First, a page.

An Australian court has imposed a civil penalty of A$1m (US$766,000, £582,000) against a Melbourne-based advisory business for “breaches of the best interests duty”, in the latest action in a case that began last year, when it was announced to be the first such penalty for such a breach.
The Australian action comes even as the US government and financial services industry continue to agonise over whether a similar regulation, which partially came into force earlier this year, should be fully introduced there.
In a statement today, the Australian Securities & Investment Commission said the A$1m penalty imposed on Melbourne-based NSG Services Pty Ltd represented “the first civil penalty imposed on a financial services licensee” for a breach of the best interests duty since the regulation was introduced as part of Australia’s so-called Future of Financial Advice reforms, which came into force in 2013.
NSG is now going by the name Golden Financial Group Pty, ASIC said.
International Investment reported in June of last year that ASIC said NSG had failed to take reasonable steps to ensure that its advisers complied with the best interests obligation when providing advice to clients, and that as a result, “on numerous occasions, NSG advisers did not act in the best interests of their clients”.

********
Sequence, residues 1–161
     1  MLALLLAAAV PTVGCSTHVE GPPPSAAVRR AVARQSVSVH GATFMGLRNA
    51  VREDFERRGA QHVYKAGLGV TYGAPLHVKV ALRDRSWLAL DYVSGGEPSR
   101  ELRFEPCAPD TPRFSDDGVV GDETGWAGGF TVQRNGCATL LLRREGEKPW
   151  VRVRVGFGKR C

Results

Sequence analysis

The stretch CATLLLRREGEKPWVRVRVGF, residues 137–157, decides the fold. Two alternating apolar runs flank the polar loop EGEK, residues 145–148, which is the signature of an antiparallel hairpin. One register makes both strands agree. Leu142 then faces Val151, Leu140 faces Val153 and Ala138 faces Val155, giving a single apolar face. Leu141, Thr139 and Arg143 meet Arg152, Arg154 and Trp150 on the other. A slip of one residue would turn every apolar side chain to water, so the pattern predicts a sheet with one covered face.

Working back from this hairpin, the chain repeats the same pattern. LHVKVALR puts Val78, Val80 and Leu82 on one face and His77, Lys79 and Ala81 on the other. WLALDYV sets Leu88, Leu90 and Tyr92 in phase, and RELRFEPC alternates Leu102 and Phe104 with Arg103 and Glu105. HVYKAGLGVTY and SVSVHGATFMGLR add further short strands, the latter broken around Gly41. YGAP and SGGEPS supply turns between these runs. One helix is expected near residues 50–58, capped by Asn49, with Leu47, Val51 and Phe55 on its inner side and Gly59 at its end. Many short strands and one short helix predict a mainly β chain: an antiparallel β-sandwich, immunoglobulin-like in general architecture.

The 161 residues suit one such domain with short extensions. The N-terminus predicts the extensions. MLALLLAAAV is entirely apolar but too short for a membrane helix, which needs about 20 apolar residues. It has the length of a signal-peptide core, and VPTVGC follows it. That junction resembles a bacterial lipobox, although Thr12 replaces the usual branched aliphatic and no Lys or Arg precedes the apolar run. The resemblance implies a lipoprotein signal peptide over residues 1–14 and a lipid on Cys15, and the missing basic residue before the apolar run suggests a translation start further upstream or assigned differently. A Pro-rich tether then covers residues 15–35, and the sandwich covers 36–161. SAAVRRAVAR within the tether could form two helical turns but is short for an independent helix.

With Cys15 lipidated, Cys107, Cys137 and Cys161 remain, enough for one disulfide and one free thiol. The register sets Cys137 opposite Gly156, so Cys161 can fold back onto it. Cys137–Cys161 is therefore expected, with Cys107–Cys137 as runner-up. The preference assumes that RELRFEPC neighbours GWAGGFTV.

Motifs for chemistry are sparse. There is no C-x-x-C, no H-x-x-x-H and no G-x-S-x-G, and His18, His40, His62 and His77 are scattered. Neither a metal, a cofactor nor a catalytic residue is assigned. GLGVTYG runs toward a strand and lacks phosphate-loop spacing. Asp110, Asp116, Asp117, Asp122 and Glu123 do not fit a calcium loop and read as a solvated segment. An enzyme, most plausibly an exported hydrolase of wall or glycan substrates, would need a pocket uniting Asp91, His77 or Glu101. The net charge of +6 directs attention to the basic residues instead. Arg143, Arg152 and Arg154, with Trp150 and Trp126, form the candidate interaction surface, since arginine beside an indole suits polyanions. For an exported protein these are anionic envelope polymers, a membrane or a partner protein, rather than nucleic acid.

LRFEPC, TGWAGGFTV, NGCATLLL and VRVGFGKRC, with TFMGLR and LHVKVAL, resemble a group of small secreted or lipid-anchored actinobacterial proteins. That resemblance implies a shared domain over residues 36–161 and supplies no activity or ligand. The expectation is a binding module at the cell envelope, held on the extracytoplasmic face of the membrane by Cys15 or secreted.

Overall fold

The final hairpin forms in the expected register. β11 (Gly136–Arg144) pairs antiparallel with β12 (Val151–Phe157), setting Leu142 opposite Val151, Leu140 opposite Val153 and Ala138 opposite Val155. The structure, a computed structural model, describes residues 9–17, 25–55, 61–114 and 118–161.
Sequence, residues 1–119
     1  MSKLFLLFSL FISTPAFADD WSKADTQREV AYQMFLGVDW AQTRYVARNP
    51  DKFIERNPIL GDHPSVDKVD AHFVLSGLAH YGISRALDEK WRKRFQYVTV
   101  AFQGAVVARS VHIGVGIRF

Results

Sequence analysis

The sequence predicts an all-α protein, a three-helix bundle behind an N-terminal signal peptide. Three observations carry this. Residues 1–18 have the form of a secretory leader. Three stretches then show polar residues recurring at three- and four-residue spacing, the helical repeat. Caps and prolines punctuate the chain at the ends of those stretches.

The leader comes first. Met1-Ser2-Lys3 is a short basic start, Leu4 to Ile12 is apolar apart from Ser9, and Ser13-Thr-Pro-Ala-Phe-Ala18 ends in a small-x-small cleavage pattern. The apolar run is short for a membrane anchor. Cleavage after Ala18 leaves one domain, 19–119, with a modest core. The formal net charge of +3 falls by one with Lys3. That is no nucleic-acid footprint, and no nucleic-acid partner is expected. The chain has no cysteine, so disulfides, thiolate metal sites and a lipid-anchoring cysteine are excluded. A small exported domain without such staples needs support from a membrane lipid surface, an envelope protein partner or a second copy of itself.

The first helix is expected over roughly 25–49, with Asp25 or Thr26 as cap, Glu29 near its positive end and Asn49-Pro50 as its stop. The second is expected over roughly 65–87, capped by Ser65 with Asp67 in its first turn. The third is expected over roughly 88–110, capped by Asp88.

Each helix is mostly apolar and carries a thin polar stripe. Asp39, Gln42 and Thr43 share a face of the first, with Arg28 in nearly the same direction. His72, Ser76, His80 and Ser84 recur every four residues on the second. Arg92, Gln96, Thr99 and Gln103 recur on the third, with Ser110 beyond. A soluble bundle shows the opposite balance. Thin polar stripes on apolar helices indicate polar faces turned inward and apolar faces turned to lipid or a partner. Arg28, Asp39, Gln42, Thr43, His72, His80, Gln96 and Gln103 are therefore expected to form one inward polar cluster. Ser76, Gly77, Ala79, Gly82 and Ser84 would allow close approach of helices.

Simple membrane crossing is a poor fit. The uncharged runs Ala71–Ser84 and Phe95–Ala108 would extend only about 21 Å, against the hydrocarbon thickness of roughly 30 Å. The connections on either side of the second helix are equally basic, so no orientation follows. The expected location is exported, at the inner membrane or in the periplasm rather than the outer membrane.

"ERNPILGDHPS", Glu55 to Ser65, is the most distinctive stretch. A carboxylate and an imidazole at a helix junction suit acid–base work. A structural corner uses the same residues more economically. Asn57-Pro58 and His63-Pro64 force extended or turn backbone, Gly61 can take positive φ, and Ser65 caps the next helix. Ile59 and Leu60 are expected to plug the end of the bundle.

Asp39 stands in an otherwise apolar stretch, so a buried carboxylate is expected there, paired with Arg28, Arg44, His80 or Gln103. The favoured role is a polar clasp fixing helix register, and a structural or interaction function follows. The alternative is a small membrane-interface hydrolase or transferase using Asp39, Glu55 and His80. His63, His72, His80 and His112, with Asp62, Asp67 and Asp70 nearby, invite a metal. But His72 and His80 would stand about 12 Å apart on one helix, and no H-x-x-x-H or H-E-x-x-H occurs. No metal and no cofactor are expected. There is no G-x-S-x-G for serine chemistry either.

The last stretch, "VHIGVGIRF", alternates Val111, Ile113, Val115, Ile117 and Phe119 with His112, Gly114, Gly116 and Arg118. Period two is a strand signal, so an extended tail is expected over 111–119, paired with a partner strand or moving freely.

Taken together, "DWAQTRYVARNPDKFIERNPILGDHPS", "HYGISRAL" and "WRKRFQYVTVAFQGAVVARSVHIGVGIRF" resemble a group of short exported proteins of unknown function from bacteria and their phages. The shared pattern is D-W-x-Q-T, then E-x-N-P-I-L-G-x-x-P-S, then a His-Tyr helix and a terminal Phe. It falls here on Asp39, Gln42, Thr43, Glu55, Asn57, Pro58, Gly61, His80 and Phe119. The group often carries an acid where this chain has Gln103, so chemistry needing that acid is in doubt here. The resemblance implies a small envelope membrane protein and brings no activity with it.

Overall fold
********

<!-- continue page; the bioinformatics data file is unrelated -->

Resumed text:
According to ASIC, the penalty relates to financial advice provided to retail clients by NSG advisers on eight occasions between July 2013 and August 2015. The clients were sold insurance products and advised to roll over their superannuation accounts,which “committed them to costly, unsuitable and unnecessary financial arrangements”.
The Court found that the failures by NSG to ensure compliance by its representatives were systemic in nature and in his reasons, Justice Moshinsky said, “I regard the contraventions as very serious ones”, the ASIC statement said.
It noted that in March of this year, NSG consented to the making of declarations against it, and after a hearing on 30 March, “the Court was satisfied that declarations ought to be made”.
In a statement today, ASIC deputy chairman Peter Kell said the outcome in the NSG matter “makes clear to the industry the serious consequences of financial services licensees failing to comply with their FOFA obligations”.
“ASIC will continue to pursue licensees who fail to do so,” he added.
NSG, which agreed with ASIC on the amount of the penalty immediately prior to the hearing on penalty, and made joint submissions as to the orders, was also ordered to pay A$50,000 in costs to ASIC, and will also pay A$50,000 towards ASIC’s costs of its investigation into NSG.